Refer to primary key configuration options for further detail.

Idempotent writes

The default insert.mode is insert. If it is configured as upsert, the connector will use upsert semantics rather than plain INSERT statements. Upsert semantics refer to atomically adding a new row or updating the existing row if there is a primary key constraint violation, which provides idempotence.

If there are failures, the Kafka offset used for recovery may not be up-to-date with what was committed as of the time of the failure, which can lead to re-processing during recovery. The upsert mode is highly recommended as it helps avoid constraint violations or duplicate data if records need to be re-processed.

Aside from failure recovery, the source topic may also naturally contain multiple records over time with the same primary key, making upserts desirable.

As there is no standard syntax for upsert, the following table describes the database-specific DML that is used.

Database Upsert style
MySQL INSERT .. ON DUPLICATE KEY REPLACE ..
Oracle MERGE ..
PostgreSQL INSERT .. ON CONFLICT .. DO UPDATE SET ..
SQLite INSERT OR REPLACE ..
SQL Server MERGE ..
Other not supported

Auto-creation and Auto-evoluton

Tip

Make sure the JDBC user has the appropriate permissions for DDL.

If auto.create is enabled, the connector can CREATE the destination table if it is found to be missing. The creation takes place online with records being consumed from the topic, since the connector uses the record schema as a basis for the table definition. Primary keys are specified based on the key configuration settings.

If auto.evolve is enabled, the connector can perform limited auto-evolution by issuing ALTER on the destination table when it encounters a record for which a column is found to be missing. Since data-type changes and removal of columns can be dangerous, the connector does not attempt to perform such evolutions on the table. Addition of primary key constraints is also not attempted.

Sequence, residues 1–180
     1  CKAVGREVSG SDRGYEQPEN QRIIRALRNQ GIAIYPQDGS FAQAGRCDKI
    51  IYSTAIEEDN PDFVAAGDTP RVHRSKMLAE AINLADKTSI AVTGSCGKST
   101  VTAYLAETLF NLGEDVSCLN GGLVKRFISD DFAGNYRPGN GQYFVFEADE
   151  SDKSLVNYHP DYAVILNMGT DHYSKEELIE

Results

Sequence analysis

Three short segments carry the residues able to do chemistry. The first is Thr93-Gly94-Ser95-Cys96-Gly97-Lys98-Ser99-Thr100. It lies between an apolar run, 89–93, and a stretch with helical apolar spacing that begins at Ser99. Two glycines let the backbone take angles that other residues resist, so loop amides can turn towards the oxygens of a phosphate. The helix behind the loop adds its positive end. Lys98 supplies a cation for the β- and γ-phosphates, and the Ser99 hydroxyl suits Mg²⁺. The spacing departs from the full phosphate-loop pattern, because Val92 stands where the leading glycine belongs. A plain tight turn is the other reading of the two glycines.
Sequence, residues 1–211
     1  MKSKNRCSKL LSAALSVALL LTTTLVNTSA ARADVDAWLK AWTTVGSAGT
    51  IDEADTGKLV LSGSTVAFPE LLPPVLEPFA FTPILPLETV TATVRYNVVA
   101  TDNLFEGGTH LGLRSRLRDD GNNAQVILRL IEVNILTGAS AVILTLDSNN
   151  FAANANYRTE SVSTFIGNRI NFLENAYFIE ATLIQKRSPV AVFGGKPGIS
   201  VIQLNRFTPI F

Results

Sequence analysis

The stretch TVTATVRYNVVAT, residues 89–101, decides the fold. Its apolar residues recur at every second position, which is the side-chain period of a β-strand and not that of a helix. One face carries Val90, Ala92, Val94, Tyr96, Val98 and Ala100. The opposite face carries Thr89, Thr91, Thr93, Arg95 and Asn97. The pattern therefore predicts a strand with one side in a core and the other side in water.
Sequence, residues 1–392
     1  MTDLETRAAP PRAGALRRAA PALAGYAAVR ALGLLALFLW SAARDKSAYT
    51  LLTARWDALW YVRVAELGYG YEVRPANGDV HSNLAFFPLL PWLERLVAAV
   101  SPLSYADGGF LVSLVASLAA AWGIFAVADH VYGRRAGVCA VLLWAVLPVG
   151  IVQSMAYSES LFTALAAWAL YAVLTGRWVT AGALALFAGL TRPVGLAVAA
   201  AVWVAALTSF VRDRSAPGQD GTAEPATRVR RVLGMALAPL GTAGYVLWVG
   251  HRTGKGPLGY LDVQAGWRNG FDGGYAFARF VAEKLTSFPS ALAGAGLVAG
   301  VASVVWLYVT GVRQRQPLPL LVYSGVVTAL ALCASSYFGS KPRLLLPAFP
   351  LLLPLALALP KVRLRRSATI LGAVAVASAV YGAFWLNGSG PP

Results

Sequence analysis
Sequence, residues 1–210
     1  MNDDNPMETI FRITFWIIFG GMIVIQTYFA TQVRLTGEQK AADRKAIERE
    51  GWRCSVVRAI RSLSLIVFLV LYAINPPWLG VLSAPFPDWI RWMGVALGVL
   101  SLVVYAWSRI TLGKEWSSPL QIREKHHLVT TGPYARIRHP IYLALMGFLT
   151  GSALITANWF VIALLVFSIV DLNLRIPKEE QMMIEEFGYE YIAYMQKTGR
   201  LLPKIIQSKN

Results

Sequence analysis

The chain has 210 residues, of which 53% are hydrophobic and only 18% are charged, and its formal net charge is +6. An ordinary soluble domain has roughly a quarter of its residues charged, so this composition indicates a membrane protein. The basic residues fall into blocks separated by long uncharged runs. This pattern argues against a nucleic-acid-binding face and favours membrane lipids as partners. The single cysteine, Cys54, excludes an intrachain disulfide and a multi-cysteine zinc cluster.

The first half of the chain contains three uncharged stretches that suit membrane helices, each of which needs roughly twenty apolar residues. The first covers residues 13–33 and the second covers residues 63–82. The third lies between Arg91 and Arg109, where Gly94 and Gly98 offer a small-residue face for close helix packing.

For both auto-creation and auto-evolution, the nullability of a column is based on the optionality of the corresponding field in the schema, and default values are also specified based on the default value of the corresponding field if applicable. We use the following mapping from Connect schema types to database-specific types:

Schema Type MySQL Oracle PostgreSQL SQLite SQL Server Vertica
INT8 TINYINT NUMBER(3,0) SMALLINT NUMERIC TINYINT INT
INT16 SMALLINT NUMBER(5,0) SMALLINT NUMERIC SMALLINT INT
INT32 INT NUMBER(10,0) INT NUMERIC INT INT
INT64 BIGINT NUMBER(19,0) BIGINT NUMERIC BIGINT INT
FLOAT32 FLOAT BINARY_FLOAT REAL REAL REAL FLOAT
FLOAT64 DOUBLE BINARY_DOUBLE DOUBLE PRECISION REAL FLOAT FLOAT
BOOLEAN TINYINT NUMBER(1,0) BOOLEAN NUMERIC BIT BOOLEAN
STRING VARCHAR(256) NCLOB TEXT TEXT VARCHAR(MAX) VARCHAR(1024)
BYTES VARBINARY(1024) BLOB BYTEA BLOB VARBINARY(MAX) VARBINARY(1024)
‘Decimal’ DECIMAL(65,s) NUMBER(*,s) DECIMAL NUMERIC DECIMAL(38,s) DECIMAL(18,s)
‘Date’ DATE DATE DATE NUMERIC DATE DATE
‘Time’ TIME(3) DATE TIME NUMERIC TIME TIME
‘Timestamp’ TIMESTAMP(3) TIMESTAMP TIMESTAMP NUMERIC DATETIME2 TIMESTAMP

Auto-creation or auto-evolution is not supported for databases not mentioned here.

Important

For backwards-compatible table schema evolution, new fields in record schemas must be optional or have a default value. If you need to delete a field, the table schema should be manually altered to either drop the corresponding column, assign it a default value, or make it nullable.